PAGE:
Shigemto Kato & Pioneer Farmer Rice Breeders - Origin of Modern Japenese Rice Breeding

Author: Dr. Toshihiko Nishio Translated and edited by: Shinji Kawai and Abigail Huster, Department of Horticulture, Oregon State University

Publication Date: Winter 2021

Improvements in agricultural technology and breeding helped struggling Japanese farming communities in the early 20th century. Since the 1990s, Dr. Toshihiko Nishio, a Japanese rice farming system researcher, published over 150 stories about these innovations. By showing how these discoveries derived from careful observation, patience, and in some cases, serendipity, we hope that farmers will realize how ordinary people can contribute to the advancement of their local agricultural communities and beyond.

“Since ancient times, the farmers of the Shonai region in northern Japan have always been trying to create new and improved rice cultivars. The method that they use is intriguing. To begin, they plant two cultivars of rice alternately. When both varieties start flowering, two people hold two ropes along the length of the rows and gently shake the plants. Year after year, the people of Shonai create hybrids this way and select the best resulting plants.”

These are the words of Shigetomo Kato, an important member of Japan’s Ministry of Agriculture and Commerce in the early 20th century who was originally from Shonai district. The love and respect that Kato had for his people in Shonai are evident in the way he describes their traditional plant breeding practices.

Kato is remembered as the person who initiated modern rice breeding in Japan. His breeding strategy, which is still an essential rice breeding method today, was first tested at the Kinai agricultural experiment station. This took place in 1904, four years after the rediscovery of Mendel’s Law of genetic segregation.

As Kato reported, farmers in the Shonai district have long been enthusiastic about rice breeding. Many prominent modern cultivars are traced back to the variety ‘Kameno-o’ (Tortoise Tail) which was selected by a farmer in Shonai in the late 19th century.

The Shonai rice farmers came together and started an association of farmer-breeders to advance their goal of creating improved rice cultivars adapted to their region. When modern rice breeding efforts began, the farmers’ association would use their connection with Kato to invite expert instructors to visit and share their knowledge. The association would also send its leader, Junji Sato, and other members to the Kinai agricultural experiment station to receive further training.

Sato and his colleagues learned the tedious work of doing crosses in a hot greenhouse, where pollen of the male parent is placed on to the individual pistils of the mother plants. They were also taught how to apply Mendel’s Laws in the selection process and other cutting edge scientific concepts.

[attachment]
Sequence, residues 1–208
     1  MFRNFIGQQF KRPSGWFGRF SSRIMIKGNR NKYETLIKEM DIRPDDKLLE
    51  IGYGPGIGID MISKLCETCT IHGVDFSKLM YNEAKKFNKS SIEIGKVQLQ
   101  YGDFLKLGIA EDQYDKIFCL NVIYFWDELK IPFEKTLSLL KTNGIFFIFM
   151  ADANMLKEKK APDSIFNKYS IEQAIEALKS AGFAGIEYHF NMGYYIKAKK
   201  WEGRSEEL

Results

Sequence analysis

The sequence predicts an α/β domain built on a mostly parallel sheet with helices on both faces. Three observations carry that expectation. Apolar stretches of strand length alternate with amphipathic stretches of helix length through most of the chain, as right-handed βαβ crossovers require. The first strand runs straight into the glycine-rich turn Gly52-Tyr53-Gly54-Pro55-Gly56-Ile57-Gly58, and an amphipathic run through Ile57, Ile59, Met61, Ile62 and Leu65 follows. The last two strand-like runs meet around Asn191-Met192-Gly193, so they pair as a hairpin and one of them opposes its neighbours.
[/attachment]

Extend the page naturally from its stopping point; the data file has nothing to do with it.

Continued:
The farmer-breeders put what they learned to use in a two-step breeding strategy. They began with the selection of superior breeding lines, which were used to create hybrids. The hybrid seeds were then distributed to the farming team, who conducted field trials and further selected strains well suited to the area.

The association’s efforts resulted in several important rice cultivars. The group’s variety ‘Fukubozu’ (Happy Monk) became popular in the south-central part of northern Japan, Tohoku. Its planting acreage reached up to 68,000 ha in 1939. Another of their varieties, ‘Okuni-wase’ (Great Nation Early), was spread through Yamagata and Akita regions, and became a recommended cultivar by the regional Departments of Agriculture.

A unique cultivar developed by the association’s breeding program was ‘Hinomaru’ (the Rising Sun), bred by Kichirobei Kudo. This variety was an innovative hybrid between Japanese and Italian strains, resulting in a less fertilizer requirement than traditional Japanese types. Although different fertilizer practice required than the rice varieties previously available, growers embraced the opportunity and ‘Hinomaru’ reached a peak planting of 36,000 ha while fertilizer was in short supply in the post WWII period.

The skill level of these farmer-breeders is demonstrated in this excerpt from Kato’s diary:

“We visited an agricultural experiment station in Koriyama... and observed the way they practiced the crossing scheme. However, there was not much to learn, so we quickly headed back home.”

This might seem like a harsh evaluation of that experiment station, but it shows that the farmerbreeders were already working at a high level of expertise.

In recent years most Japanese rice cultivars have been bred by public research institutes. However, we should remember that these modern cultivars were created by building on the work of dedicated independent farmer-breeders.